A subtle, communal way to adjust the volume of audio systems .
As emerging interfaces demand our sight and attention, the simple act of adjusting the volume of a sound system often requires a concering amount of focus. Our eyes are needed to operate any touchscreen, and often we need to conjure a passcode.
This functional coffee table aims to address these issues with an non-interruptive way to make small audio adjustments, while at the same time allowing multiple users to change the volume to comfortable levels without gatekeeping.
This was a second, parallel project I undertook during the lockdown with no workshop access. I first made a model on Fusion360, and through Reddit found a neighboor with a 3D printer (and a very limited color selection).
With the continued need to be resourceful without a workshop due to the lockdown, I salvaged a tabletop and painted it. I then placed it on top of the 3D printed assembly and had a working volume controlling coffee table.
In this video I am exaggerating the volume adjustments to demonstrate the functionality.
Once regulations were eased, I reached out to two potential users with the aim of testing their reaction to the table. I first had them interact with the table freely, and took down their general feedback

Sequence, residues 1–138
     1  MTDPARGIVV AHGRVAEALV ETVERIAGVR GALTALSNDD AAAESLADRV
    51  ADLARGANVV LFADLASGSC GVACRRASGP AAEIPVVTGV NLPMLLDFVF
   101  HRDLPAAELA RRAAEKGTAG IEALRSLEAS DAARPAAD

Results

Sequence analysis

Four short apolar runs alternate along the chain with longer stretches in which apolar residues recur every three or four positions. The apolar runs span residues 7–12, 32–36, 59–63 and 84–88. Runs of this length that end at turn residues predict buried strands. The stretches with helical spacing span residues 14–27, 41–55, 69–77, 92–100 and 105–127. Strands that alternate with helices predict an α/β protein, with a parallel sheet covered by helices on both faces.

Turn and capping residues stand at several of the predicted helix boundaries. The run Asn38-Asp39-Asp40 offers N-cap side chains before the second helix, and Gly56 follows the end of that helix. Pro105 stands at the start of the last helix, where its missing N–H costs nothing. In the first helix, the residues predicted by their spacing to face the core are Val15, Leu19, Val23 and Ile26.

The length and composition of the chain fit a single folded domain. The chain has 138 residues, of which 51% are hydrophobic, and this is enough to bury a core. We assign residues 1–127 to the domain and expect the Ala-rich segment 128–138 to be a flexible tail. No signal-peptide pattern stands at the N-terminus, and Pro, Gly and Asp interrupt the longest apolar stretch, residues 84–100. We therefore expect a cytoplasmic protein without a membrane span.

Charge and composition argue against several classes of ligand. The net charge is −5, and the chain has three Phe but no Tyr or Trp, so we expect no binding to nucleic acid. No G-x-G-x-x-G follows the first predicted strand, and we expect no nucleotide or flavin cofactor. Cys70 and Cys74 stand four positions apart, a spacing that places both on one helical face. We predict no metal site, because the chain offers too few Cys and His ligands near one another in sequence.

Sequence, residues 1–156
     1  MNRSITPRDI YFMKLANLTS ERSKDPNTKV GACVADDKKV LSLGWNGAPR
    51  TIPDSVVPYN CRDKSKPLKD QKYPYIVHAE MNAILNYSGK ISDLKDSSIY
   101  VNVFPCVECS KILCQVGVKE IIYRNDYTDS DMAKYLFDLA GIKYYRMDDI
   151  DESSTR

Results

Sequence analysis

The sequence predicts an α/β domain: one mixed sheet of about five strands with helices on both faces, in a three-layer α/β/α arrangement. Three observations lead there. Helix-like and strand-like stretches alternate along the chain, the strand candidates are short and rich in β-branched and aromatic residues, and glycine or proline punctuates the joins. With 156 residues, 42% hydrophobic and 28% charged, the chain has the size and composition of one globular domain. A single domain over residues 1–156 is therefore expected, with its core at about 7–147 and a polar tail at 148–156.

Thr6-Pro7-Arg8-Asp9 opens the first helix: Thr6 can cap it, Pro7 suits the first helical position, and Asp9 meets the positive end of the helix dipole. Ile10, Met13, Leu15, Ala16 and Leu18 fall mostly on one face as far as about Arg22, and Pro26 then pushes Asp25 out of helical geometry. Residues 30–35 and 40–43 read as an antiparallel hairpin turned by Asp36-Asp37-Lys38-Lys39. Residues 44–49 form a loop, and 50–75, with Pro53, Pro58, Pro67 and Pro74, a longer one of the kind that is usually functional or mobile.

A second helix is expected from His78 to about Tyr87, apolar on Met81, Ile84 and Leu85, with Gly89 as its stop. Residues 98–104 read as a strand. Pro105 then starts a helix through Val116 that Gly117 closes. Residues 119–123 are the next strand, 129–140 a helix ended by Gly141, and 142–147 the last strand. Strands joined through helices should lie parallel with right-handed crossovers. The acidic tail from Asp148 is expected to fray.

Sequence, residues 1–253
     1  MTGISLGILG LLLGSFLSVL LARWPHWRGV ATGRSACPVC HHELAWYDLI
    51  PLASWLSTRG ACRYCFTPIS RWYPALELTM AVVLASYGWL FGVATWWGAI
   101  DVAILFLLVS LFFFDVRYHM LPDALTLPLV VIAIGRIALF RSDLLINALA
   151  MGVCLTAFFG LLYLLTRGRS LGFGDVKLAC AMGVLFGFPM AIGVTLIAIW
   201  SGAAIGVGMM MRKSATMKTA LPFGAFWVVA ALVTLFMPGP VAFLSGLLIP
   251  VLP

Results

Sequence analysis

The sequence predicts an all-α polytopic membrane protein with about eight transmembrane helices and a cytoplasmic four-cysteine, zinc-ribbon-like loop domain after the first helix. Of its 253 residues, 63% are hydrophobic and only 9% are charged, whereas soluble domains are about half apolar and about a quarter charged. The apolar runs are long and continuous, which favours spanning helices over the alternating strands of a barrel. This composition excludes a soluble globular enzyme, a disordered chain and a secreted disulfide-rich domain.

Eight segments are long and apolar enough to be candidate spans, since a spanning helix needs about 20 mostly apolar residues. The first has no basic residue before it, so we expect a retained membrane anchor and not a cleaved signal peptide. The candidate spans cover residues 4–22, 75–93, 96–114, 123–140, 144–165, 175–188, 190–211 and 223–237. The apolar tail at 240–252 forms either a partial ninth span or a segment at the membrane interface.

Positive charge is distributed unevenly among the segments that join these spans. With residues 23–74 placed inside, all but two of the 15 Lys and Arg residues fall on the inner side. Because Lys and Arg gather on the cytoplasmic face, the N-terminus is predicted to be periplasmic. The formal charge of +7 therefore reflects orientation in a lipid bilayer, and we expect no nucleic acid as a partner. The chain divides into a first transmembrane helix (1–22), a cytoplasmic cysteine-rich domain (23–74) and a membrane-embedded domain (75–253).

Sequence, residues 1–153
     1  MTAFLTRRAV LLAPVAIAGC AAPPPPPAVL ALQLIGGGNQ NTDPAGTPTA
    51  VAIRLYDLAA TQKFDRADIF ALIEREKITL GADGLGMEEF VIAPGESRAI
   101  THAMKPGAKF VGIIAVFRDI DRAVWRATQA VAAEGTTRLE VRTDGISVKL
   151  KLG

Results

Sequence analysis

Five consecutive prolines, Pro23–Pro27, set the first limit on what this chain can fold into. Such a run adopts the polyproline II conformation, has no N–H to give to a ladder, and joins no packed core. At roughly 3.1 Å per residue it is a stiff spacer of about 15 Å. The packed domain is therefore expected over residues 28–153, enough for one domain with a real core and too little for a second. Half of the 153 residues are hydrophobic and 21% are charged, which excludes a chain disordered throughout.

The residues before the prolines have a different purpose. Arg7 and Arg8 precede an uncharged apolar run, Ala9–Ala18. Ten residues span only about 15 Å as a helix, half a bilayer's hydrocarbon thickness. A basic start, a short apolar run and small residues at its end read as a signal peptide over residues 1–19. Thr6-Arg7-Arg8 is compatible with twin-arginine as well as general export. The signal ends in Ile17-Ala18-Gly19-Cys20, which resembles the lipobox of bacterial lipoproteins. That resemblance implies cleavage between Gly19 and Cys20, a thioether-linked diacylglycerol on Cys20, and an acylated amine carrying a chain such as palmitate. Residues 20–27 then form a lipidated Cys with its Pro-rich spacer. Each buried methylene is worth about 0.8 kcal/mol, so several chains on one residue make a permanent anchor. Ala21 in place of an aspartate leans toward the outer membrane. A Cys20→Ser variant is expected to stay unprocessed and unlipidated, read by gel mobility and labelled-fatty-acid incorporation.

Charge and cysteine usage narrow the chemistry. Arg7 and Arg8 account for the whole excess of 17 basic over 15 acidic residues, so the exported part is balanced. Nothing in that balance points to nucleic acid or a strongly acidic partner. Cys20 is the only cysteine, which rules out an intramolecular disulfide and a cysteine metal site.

Besides general feedback on the concept, I focused the test on two other aspects. First, I used the "Wizard of Oz" technique to simulate a working button to Pause/Play and Skip tracks. Although now shifting from the original premise, users enjoyed having more options to control the music.
Second, I put a taller table over the coffee table, which allowed users to control the volume with same oversized interface while the tabletop stayed still. They reported this as the most comfortable and useful scenario.
Moving forward, I am working with my brother Federico Witzke on the next generation of the table. This will take into account all of the user feedback from the tests and aim to improve on the aesthetics.
Here's an alternative version of the table that is supported interntally, and uses a bespoke Hall Effect enconder and magnets to detect rotation